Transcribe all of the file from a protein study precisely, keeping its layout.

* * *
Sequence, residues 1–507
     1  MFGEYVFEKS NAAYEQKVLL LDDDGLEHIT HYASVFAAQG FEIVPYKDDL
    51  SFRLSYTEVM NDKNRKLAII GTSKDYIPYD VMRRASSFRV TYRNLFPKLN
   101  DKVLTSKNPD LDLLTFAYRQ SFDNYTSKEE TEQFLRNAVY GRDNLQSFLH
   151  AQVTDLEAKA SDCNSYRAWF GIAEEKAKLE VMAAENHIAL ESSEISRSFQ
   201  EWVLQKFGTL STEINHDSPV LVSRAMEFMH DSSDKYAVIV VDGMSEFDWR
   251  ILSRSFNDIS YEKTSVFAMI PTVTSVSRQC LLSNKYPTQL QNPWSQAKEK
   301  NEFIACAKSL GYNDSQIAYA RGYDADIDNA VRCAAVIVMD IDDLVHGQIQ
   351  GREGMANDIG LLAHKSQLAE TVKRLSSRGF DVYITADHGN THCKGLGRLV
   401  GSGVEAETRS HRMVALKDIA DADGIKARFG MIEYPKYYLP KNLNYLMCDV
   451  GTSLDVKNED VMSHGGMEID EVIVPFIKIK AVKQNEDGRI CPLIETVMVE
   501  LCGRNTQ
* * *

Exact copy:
Sequence, residues 1–507
     1  MFGEYVFEKS NAAYEQKVLL LDDDGLEHIT HYASVFAAQG FEIVPYKDDL
    51  SFRLSYTEVM NDKNRKLAII GTSKDYIPYD VMRRASSFRV TYRNLFPKLN
   101  DKVLTSKNPD LDLLTFAYRQ SFDNYTSKEE TEQFLRNAVY GRDNLQSFLH
   151  AQVTDLEAKA SDCNSYRAWF GIAEEKAKLE VMAAENHIAL ESSEISRSFQ
   201  EWVLQKFGTL STEINHDSPV LVSRAMEFMH DSSDKYAVIV VDGMSEFDWR
   251  ILSRSFNDIS YEKTSVFAMI PTVTSVSRQC LLSNKYPTQL QNPWSQAKEK
   301  NEFIACAKSL GYNDSQIAYA RGYDADIDNA VRCAAVIVMD IDDLVHGQIQ
   351  GREGMANDIG LLAHKSQLAE TVKRLSSRGF DVYITADHGN THCKGLGRLV
   401  GSGVEAETRS HRMVALKDIA DADGIKARFG MIEYPKYYLP KNLNYLMCDV
   451  GTSLDVKNED VMSHGGMEID EVIVPFIKIK AVKQNEDGRI CPLIETVMVE
   501  LCGRNTQ